The OpenStack Blog

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Infrastructure Bootcamp

Recently the Project Infrastructure team hosted a two-day “bootcamp”
for people who are interested in contributing to the Project
Infrastructure.  The OpenStack project is so large, and continuing to
grow, that creating and operating the developer infrastructure for the
project itself is a unique challenge.  Because OpenStack receives code
contributions from more than 600 developers in a release cycle, and
merges as many as 200 changes per day, we are at the cutting edge of
distributed development and testing.

The project infrastructure covers a wide range of tools and services
used by the project, including code review, testing, and
collaboration.  The design and operation of these systems is managed
under the Infrastructure Program which is overseen by the TC just like
the rest of the OpenStack project.  And like any other OpenStack
program, our team is open and we welcome contributions from anyone.

Managing the infrastructure for a project of this scale is a lot of
work, but it is uniquely rewarding because it affects every OpenStack
project and affords interactions with all of the developers.  We heard
a lot of interest from persons and companies who wanted to contribute,
so we held the bootcamp to get anyone who was interested in
contributing together in a room with the current core team of
infrastructure developers.

OpenStack Infrastructure Bootcamp kicks off

OpenStack Infrastructure Bootcamp kicks off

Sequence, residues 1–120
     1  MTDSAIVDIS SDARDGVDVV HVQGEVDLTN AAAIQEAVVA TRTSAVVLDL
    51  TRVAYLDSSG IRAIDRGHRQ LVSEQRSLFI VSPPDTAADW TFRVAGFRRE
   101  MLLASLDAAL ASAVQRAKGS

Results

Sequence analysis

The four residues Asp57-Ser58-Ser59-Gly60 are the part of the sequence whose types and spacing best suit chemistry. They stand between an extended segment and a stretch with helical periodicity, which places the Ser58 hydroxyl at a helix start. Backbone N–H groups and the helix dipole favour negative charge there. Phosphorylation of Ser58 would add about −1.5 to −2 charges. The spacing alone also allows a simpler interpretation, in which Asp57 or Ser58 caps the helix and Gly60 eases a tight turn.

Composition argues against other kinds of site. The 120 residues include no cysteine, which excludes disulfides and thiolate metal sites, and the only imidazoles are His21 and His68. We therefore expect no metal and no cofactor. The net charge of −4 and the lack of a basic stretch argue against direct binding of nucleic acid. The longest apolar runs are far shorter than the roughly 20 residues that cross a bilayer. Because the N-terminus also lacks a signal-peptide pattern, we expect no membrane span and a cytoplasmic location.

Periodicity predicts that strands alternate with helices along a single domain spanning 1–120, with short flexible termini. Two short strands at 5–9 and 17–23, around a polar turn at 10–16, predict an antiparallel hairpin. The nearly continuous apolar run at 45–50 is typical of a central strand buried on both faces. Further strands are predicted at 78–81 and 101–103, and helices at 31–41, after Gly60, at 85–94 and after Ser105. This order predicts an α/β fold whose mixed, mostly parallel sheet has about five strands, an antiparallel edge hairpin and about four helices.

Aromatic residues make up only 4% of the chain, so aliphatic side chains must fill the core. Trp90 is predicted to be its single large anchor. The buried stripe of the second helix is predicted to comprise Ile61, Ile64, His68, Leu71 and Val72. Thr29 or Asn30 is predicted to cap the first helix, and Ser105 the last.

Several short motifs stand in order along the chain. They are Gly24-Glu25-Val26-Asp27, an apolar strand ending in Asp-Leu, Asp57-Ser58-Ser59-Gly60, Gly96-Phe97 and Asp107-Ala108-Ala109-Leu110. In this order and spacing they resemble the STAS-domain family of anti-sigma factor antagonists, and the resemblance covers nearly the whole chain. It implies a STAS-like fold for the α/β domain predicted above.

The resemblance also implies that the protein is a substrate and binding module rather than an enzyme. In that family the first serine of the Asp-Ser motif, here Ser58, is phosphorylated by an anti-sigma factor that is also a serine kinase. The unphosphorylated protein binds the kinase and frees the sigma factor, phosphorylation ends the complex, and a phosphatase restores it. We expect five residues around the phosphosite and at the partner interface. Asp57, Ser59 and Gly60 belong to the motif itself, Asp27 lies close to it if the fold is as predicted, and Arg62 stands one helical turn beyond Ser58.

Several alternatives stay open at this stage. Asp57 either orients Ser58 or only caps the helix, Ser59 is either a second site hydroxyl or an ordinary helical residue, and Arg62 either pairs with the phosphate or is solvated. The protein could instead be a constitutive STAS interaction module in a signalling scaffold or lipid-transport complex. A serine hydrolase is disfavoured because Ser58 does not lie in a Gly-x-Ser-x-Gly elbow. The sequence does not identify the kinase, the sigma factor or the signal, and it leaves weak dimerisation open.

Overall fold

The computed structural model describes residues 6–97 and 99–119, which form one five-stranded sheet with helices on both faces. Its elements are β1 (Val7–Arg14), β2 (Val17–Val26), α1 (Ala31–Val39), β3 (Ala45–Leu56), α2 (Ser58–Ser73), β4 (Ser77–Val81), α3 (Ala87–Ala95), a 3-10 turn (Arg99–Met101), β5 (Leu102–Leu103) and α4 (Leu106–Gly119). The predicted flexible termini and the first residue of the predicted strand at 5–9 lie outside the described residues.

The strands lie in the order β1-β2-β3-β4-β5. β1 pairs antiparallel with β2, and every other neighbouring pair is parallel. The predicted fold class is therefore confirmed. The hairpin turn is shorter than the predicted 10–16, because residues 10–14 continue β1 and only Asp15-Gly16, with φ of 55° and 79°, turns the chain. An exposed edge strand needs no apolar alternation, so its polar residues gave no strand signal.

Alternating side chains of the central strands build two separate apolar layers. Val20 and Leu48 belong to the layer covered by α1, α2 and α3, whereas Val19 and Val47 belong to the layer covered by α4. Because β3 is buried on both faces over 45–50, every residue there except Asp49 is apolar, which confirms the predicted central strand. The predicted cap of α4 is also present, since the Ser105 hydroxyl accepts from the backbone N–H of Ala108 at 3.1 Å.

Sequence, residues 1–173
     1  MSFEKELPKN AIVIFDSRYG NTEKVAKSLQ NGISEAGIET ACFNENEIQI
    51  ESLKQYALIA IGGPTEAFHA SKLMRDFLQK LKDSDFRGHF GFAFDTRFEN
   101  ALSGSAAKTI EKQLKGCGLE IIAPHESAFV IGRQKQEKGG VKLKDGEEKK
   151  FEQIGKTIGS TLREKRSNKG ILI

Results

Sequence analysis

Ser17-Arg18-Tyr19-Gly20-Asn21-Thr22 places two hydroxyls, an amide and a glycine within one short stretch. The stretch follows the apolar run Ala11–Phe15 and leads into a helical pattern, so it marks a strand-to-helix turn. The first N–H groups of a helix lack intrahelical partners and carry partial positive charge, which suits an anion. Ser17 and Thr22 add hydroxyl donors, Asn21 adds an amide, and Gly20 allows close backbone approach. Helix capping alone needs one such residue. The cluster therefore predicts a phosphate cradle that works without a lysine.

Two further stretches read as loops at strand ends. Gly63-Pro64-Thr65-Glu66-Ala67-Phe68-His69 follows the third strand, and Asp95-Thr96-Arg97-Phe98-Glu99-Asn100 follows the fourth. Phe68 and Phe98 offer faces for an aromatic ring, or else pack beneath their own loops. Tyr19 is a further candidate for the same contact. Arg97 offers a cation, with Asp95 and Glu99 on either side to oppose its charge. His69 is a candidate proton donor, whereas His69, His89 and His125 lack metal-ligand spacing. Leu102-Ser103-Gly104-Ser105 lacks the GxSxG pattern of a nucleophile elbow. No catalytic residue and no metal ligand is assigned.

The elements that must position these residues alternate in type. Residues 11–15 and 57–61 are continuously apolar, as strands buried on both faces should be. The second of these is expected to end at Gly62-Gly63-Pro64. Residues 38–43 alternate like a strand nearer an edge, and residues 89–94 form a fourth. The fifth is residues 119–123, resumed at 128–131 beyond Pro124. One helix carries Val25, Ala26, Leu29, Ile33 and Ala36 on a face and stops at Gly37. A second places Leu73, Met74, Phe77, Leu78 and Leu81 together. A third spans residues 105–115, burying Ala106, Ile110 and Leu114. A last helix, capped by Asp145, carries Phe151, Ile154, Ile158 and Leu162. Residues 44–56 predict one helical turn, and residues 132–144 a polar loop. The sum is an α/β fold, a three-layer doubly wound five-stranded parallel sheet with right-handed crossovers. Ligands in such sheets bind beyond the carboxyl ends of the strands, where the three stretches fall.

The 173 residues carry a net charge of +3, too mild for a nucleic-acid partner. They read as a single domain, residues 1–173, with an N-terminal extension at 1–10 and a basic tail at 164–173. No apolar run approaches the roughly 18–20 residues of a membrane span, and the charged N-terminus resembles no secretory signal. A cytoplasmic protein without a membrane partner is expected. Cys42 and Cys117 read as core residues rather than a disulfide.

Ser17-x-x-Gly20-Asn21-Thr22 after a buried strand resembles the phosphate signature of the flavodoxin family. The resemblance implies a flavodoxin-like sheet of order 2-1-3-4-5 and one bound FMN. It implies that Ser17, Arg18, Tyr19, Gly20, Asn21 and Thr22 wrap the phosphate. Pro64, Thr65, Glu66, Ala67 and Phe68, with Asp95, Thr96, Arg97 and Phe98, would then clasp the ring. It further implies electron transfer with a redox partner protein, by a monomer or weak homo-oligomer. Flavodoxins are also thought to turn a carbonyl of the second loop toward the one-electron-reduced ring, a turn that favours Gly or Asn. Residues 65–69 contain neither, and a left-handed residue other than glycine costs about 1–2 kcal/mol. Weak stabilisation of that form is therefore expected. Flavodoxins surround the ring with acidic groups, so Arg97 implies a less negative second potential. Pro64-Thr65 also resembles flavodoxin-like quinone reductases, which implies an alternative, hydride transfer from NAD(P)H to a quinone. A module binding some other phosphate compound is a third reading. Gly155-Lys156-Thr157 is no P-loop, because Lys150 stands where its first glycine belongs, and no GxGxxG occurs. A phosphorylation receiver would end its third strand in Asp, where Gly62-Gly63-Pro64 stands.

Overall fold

Photo: Elizabeth Krumbach, CC-BY 2.0

Day one saw us all together and discussing how contributions are
accepted, how the team operates, and how new members can expect to
become core members in the future.  We discussed each major system at
a high level, and worked out how all of the systems interact with each
other.

In the evening, we all got together for dinner and spent several
enjoyable hours talking about how we could improve the system, and
generally getting to know each other.

On day two, we dove deeper into some topics of particular interest to
attendees, and generally had a less structured approach where people
who shared interest in an area got together and discussed it in depth.

I think everyone who attended got a lot out of the event, and we’re
already seeing significant new contributions as a result.  I hope that
in several months more time we will have new core members on our
team.  I also think this is a good model for other programs in
OpenStack who want to quickly bring new contributors up to speed.

I’d like to thank Monty Taylor for organizing the event, the rest of
the core contributors (or “coremudgeons”) for talking about what we do
for two days straight, and Hewlett-Packard and the OpenStack
Foundation for sponsoring the event.

Some reactions from others who attended:
http://dague.net/2013/06/29/openstack-infrastructure-bootcamp/
http://princessleia.com/journal/?p=8229

Open Mic Spotlight: Aaron Rosen

Aaron RosenThis post is part of the OpenStack Open Mic series to spotlight the people who have helped make OpenStack successful as we celebrate the third birthday of the project. Each day in July, a new contributor will step up to the mic and answer five questions about OpenStack, cloud, careers and what they do for fun.  

Aaron Rosen currently works on OpenStack for Nicira/VMware. Most of his time is spent working on the Network Side (Neutron), though he also dabbles in the compute side (Nova). He’s most interested in networks, especially virtual ones. He graduated with a Masters in Computer Engineering from Clemson University in 2012, and joined Nicira right out of school.